Earlier in the day, Trump had declared a national emergency, so that he could violate the Constitution to build his border wall. Republicans cheered.

Democracy only works when people follow the law. Once the law becomes meaningless, anything is possible.

A precedent has been set. Congress won’t do what you want? Declare a national emergency.

I had coffee with a friend. He said that Alexandria Ocasio-Cortez’s proposal to build a fair and environmentally sustainable country was unrealistic. We can’t afford a Green New Deal. The Washington centrist position is is that AOC’s vision for this country is unattainable.

Or is it?

Trump has shattered our democratic norms. Now, anything is possible.

On the steps of the Lincoln Memorial, I witnessed the Republican vision for the country. A handmaid future, with women enslaved for the benefit of men.

One possibility.

But with the norms of convention smashed, it’s possible to create another, better future, too, one in which we go beyond the stale politics of our era to build a country that is fair for all its citizens.

Gilead or Green New Deal? Both are possible now.

Bus to Work Day DC: A Story in Four Lines

Busses stuck on 16th St

Today is Bus to Work Day DC.

Before the age of Uber, riding the bus was a rite of passage in DC. It is now a lost art, which is a shame. Riding a bus teaches you patience, math skills and geography.

Plus, you get to overhear fascinating conversations! Taking the bus is the best way to learn about Washington beyond the monuments.

My transit experience helped me write several novels about the city, providing ideas and inspiration for my writing.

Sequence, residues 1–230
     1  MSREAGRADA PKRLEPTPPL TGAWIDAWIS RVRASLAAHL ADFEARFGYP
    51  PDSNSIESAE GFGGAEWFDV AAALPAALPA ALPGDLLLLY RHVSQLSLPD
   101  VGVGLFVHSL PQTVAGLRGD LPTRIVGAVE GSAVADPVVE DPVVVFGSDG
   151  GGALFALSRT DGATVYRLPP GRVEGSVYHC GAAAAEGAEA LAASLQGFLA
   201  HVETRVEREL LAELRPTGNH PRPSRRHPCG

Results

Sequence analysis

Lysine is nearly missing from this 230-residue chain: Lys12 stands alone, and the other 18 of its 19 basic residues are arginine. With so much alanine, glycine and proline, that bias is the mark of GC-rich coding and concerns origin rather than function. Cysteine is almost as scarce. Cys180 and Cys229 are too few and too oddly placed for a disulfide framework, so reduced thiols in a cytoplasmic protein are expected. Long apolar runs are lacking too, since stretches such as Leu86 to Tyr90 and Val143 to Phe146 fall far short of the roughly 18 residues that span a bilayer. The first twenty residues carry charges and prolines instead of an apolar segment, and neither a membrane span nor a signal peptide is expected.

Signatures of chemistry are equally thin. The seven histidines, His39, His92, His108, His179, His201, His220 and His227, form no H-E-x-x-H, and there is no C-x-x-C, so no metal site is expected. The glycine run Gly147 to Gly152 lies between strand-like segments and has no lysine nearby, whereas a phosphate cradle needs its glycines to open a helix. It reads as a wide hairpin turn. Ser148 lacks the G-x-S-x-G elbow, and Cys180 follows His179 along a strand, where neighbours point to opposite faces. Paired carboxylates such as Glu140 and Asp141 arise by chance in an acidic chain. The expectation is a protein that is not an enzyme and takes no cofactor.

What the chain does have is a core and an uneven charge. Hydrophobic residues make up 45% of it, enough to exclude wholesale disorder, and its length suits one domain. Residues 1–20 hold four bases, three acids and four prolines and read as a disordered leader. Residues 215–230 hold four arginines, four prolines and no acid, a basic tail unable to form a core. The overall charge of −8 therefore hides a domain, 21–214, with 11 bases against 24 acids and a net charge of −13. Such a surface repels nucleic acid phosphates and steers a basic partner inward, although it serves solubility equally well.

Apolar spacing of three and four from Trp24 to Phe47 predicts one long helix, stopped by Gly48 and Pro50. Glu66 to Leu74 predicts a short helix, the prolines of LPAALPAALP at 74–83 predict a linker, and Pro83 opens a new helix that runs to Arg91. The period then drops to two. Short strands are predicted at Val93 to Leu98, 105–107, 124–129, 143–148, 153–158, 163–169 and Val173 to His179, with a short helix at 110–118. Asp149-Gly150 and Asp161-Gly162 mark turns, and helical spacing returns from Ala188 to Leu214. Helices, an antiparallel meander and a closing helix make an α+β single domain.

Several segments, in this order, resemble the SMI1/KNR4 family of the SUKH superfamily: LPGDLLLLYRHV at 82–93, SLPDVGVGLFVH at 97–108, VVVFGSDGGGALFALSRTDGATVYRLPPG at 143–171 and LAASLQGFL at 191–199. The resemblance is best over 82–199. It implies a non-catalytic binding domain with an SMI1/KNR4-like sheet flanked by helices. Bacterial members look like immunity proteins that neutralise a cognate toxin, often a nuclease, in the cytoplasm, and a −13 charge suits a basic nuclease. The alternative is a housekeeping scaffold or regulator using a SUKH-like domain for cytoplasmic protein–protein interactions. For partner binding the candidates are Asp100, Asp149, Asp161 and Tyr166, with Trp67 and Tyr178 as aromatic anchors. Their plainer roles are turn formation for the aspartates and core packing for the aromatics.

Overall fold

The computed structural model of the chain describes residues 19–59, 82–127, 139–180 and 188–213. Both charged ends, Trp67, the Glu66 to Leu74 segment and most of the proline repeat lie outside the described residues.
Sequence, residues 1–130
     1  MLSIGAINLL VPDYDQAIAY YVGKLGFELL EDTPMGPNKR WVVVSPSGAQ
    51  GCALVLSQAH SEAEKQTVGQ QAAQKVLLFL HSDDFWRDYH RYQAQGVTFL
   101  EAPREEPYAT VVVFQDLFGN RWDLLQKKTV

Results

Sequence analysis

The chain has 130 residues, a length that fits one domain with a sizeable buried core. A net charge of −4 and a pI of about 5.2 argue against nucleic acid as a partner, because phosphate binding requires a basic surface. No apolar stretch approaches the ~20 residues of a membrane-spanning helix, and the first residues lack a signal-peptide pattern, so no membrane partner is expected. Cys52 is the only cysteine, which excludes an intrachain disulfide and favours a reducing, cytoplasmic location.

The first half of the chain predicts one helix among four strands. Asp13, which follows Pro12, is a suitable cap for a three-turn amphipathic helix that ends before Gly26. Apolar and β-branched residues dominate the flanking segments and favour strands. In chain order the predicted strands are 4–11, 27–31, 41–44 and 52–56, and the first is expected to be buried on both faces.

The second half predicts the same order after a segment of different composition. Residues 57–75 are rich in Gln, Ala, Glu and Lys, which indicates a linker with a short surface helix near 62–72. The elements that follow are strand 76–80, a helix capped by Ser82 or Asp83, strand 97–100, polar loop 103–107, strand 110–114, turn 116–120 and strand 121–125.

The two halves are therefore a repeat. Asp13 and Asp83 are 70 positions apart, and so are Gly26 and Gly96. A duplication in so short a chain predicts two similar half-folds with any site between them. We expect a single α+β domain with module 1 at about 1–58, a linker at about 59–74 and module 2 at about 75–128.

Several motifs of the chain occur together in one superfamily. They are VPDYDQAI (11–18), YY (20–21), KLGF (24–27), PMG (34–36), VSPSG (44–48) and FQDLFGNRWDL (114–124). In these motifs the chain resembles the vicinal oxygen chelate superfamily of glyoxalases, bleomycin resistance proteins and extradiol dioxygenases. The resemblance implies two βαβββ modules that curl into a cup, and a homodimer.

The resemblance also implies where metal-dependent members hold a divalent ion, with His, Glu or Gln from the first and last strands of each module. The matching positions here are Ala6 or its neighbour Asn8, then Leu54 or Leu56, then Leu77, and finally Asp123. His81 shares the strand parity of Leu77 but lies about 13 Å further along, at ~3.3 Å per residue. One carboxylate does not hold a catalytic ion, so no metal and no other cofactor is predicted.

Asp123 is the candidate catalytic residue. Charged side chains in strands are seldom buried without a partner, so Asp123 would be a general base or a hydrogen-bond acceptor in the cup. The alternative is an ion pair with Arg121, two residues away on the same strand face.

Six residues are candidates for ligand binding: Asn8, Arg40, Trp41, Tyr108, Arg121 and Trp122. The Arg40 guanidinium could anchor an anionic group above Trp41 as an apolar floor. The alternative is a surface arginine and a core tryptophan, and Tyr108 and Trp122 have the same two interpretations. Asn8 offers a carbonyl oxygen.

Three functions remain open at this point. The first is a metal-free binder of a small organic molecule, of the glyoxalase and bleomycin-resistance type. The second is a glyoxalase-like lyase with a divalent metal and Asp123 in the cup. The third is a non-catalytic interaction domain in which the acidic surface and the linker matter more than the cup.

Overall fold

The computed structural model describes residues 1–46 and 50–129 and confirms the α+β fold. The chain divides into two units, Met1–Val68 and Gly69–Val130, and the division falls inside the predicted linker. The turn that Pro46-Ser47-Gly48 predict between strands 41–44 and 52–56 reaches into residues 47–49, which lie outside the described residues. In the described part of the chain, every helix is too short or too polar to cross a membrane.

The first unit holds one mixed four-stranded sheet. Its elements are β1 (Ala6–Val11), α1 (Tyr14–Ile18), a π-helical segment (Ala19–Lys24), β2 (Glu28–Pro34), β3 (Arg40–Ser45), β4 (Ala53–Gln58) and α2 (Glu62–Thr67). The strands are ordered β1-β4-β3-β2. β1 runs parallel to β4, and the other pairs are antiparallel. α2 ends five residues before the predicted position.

Here’s my public transit story. A story of four bus lines.

Patience: The N Bus

As a student at American University, my introduction to the city was through Metrobus.

That bus was the N2/N4/N6 bus which stopped at the edge of campus. Running down Massachusetts Avenue, it took you to internships in downtown DC.

It was a bus line that taught you patience. You’d get to the stop, check the schedule and then the bus wouldn’t appear. Or the bus would be pulling away as you arrived.

The random quality of the Metrobus experience taught me patience. Unlike Uber, there was no countdown to your ride. No estimated arrival time.

So, I’d sit down and wait, with only my thoughts for company in this pre-iPhone age. There’s a quote in the novel LessBoredom is essential for writers.

If you want to be creative, take the bus. Plenty of time to let your mind wander.

Math Skills: The 96 Bus

It’s 6:32. The 96 bus to Adams Morgan will be across the street at Wisconsin and Woodley at 6:58. Do you have enough time to finish your plate of spaghetti?

That and other dramas were part of my life when I lived off campus in an apartment building. My home was well-served by the 30s bus, which ran constantly along Wisconsin Avenue and the 96, which ran infrequently to Adams Morgan.

My roommates and I liked to take the bus to the 18th St bars of Adams Morgan. But the 96 bus didn’t run that often, particularly on weekends.

So, we became adept at math problems like the one above, adding and subtracting, factoring in walk times, the probability of the bus being late and the speed at which a plate of pasta could be shoveled down.